Some science books are good because of the quality and quantity of the information. But in order for science book to be a compelling read for the lay person, it needs more to be a great book. Robert Hazen is not only a scientist; he is a story teller and he told a great story in his book Genesis: The Scientific Quest for Life's Origins. When he talks about his colleagues, it is with enough detail that you can visualize them as you read. The science is described in a logical building fashion, but the book also includes biographical elements of the researchers that draws in the reader. It includes conflict, rejection, and successes.
The current state of origins research has many good theories about how the raw building blocks of life can be created chemically, including cell membranes. Once RNA is created they know fairly well how these simple organisms evolved to what we see today. However there is a large gap between the building blocks and a microbe with RNA that is not well understood. There are several ideas, but so far they haven't been supported by experimental evidence.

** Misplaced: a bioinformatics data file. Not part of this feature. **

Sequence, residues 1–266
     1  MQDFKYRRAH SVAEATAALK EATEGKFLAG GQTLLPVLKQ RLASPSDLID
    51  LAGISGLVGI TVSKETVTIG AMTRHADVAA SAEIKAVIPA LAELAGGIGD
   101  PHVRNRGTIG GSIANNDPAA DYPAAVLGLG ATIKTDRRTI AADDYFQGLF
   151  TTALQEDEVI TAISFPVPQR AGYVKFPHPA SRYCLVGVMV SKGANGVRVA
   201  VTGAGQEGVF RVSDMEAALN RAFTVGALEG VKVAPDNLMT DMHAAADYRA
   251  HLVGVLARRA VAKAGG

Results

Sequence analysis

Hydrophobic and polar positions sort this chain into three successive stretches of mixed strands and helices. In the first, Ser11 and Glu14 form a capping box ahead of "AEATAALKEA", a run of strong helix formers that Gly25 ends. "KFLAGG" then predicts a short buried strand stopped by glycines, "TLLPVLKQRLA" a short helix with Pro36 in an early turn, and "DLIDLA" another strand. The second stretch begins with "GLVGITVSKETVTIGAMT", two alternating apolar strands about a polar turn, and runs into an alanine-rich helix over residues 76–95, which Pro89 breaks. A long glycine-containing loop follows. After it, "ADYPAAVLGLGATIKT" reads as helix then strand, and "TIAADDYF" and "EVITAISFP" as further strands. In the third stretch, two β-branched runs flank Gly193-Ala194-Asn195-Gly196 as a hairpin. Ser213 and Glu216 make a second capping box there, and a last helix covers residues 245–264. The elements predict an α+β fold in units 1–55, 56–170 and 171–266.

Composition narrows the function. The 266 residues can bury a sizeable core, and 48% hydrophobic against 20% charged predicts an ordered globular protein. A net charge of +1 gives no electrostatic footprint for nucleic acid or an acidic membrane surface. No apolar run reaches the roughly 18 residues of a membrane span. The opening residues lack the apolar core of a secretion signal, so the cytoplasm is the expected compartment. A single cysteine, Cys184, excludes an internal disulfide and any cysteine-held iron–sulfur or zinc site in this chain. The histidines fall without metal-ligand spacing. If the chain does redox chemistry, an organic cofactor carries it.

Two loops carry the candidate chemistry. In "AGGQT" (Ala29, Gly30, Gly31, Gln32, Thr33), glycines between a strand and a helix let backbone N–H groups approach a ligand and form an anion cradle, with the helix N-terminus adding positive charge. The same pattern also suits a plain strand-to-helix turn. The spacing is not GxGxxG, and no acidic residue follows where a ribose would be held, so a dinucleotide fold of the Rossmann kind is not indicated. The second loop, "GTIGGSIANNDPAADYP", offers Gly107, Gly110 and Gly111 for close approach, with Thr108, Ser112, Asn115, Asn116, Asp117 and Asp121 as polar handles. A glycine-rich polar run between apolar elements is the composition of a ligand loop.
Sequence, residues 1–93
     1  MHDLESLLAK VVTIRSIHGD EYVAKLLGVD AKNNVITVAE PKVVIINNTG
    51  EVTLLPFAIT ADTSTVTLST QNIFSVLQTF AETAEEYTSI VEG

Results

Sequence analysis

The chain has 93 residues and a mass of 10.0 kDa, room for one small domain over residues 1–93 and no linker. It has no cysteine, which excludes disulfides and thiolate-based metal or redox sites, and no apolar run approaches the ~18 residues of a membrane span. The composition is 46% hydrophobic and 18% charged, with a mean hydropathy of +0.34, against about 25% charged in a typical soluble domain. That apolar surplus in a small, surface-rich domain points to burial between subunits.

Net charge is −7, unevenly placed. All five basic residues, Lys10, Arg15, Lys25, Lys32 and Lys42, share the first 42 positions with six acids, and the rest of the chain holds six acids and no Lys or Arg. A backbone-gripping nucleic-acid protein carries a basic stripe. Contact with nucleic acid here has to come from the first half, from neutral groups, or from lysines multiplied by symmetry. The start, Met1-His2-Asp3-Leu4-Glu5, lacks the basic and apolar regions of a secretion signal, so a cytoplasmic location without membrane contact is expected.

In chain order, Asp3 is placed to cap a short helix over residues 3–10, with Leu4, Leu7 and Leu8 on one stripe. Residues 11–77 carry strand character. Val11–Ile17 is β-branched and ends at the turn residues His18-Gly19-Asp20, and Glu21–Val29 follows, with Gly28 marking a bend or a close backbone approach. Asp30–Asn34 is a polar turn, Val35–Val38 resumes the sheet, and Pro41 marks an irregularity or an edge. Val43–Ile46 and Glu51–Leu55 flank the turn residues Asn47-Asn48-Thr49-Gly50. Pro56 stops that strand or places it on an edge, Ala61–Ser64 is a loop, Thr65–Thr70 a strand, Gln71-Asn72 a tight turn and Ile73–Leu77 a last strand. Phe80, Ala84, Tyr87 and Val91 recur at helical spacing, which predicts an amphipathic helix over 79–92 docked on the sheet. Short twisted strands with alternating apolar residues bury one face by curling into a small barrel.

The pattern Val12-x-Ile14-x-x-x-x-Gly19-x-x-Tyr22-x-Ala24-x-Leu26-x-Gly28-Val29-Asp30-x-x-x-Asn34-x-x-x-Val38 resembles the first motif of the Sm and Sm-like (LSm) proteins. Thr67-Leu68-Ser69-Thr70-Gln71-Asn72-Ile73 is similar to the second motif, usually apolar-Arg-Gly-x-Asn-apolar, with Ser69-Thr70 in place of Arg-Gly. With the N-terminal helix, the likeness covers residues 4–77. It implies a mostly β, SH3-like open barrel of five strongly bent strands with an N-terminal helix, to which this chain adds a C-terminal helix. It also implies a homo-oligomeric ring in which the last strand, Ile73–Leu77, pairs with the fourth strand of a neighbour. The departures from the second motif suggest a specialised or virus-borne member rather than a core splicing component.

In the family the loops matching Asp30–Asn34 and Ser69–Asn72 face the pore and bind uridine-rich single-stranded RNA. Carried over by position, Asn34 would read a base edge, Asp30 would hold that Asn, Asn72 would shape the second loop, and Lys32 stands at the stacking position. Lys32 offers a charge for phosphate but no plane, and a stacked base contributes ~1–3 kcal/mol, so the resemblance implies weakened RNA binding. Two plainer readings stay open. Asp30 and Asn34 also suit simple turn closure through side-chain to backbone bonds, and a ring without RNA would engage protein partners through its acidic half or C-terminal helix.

One of the most compelling stories in the book relates how a grad student that worked in his lab came up with an idea on how RNA could be created. This particular student had been working on a PhD for almost five years. He was easily distracted by new concepts, so he hadn't made any progress. His visa was running out and he had no degree and no job lined up. Just a few short weeks before his scheduled defense, he came up with an intriguing proposal. After some late nights, he had fleshed the idea out, defended his dissertation, gotten his idea rejected for publication, and had a job lined up so that he could run the required experiments to prove or disprove his idea. The book was written a couple of years ago, so it might be worth doing a literature search to find out if there was any success or not.
It isn't often that science authors will use a cliff hanger as a literary device. Dr. Hazen was telling a story about his first foray into origins research. He described the hypothesis, the experimental setup, and then just before he got to the review of the results, he ended the chapter. I had to wait for several chapters before I learned the chemical make up of his brown goop.
Because the book discusses an interesting and not well known field of science and because of the compelling writing, I would rate this book as one of my five favorite science books. Of course I may have more than five books in my list of five favorite science book, but I would prefer not to quibble with such details.